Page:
Facebook user [Photo: Courtesy]

Facebook and Instagram users can now submit appeals on content removal to a new oversight board for independent review. In an announcement made yesterday, the 20-member board said it is ready to hear cases from users whether disputed content should be posted or taken down on the social media platforms. “The board is eager to get to work,” said the co-chair Catalina Botero-Marino.

“We won’t be able to hear every appeal, but want our decisions to have the widest possible value, and will be prioritising cases that have potential to impact many users around the world, are of critical importance to public discourse and raise questions about Facebook’s policies.” 

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The oversight board is the last point of appeal for users who have exhausted the internal Facebook mechanisms. The social media giant can itself refer cases to the board on an ongoing basis, including in emergency circumstances to determine whether content should stay or be taken down. Among the board members is Maina Kiai, former head of the Kenya National Commission on Human Rights and the only East African in the team.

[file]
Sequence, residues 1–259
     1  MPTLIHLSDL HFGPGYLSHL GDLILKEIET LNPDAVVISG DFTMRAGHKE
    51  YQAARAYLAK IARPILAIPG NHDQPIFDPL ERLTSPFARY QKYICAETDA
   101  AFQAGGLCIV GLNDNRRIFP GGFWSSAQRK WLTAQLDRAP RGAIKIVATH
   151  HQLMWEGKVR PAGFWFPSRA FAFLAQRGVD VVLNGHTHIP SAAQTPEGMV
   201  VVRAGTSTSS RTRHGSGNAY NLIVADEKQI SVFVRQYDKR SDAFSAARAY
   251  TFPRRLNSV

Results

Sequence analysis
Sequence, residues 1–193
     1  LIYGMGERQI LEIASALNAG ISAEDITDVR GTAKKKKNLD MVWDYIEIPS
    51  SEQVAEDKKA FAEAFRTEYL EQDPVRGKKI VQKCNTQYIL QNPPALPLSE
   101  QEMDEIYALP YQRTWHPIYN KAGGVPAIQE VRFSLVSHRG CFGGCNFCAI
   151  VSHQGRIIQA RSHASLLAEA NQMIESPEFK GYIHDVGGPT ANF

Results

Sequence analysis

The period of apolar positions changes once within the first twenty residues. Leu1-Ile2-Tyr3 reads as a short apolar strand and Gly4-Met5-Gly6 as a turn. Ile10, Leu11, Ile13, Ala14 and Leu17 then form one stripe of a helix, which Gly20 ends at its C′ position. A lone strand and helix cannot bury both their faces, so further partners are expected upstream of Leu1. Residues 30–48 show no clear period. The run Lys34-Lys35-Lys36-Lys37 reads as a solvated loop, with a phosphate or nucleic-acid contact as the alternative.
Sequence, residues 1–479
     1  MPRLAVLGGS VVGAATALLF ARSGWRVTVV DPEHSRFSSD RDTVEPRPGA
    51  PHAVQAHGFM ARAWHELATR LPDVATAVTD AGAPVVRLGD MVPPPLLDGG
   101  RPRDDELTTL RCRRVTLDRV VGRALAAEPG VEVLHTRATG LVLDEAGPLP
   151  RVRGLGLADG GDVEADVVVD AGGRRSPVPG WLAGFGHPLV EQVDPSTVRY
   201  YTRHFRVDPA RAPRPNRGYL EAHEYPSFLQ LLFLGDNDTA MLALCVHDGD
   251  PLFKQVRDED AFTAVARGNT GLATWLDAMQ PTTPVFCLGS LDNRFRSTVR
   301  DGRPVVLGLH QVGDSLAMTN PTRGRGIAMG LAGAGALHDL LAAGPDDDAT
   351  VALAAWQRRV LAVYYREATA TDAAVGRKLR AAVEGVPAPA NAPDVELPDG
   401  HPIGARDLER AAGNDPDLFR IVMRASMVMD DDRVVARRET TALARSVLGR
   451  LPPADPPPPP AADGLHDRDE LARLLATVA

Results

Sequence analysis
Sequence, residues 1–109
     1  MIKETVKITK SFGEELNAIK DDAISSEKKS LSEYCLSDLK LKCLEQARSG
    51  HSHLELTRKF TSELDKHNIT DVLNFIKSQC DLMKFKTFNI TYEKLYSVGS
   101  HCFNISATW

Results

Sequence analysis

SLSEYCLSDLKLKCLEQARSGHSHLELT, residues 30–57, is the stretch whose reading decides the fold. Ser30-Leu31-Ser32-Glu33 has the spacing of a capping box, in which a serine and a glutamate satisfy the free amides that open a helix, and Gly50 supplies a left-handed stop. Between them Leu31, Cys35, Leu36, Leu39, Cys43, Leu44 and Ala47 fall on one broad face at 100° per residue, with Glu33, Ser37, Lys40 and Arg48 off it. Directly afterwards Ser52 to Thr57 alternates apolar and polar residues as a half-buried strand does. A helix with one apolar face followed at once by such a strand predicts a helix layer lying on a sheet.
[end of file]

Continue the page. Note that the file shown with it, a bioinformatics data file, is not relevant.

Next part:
Maina Kiai [Photo: David Njaaga]

Board members are drawn from around the world with professional backgrounds in free expression, digital rights, online safety, journalism, academia and other related fields.

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“Content that could lead to urgent, real-world consequences will be reviewed as quickly as possible,” said Jamal Greene, the board’s other co-chair.  “The board provides a critical independent check on Facebook’s approach to moderating content on the most significant issues, but doesn’t remove the responsibility of Facebook to act first and to act fast in emergencies.” 

After selection, cases will be assigned to a five-member panel with at least one member from the region implicated in the content. No single board member will make a decision alone.  Cases will be decided upon using both Facebook’s Community Standards and Values and international human rights standards. In addition to now accepting cases, the board is able to recommend changes to the standards alongside its decisions. 

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Each case will also have a public comment period to allow third parties to share their insights with the board. “Human rights and freedom of expression will be at the core of every decision we make,” said Ms Botero-Marino.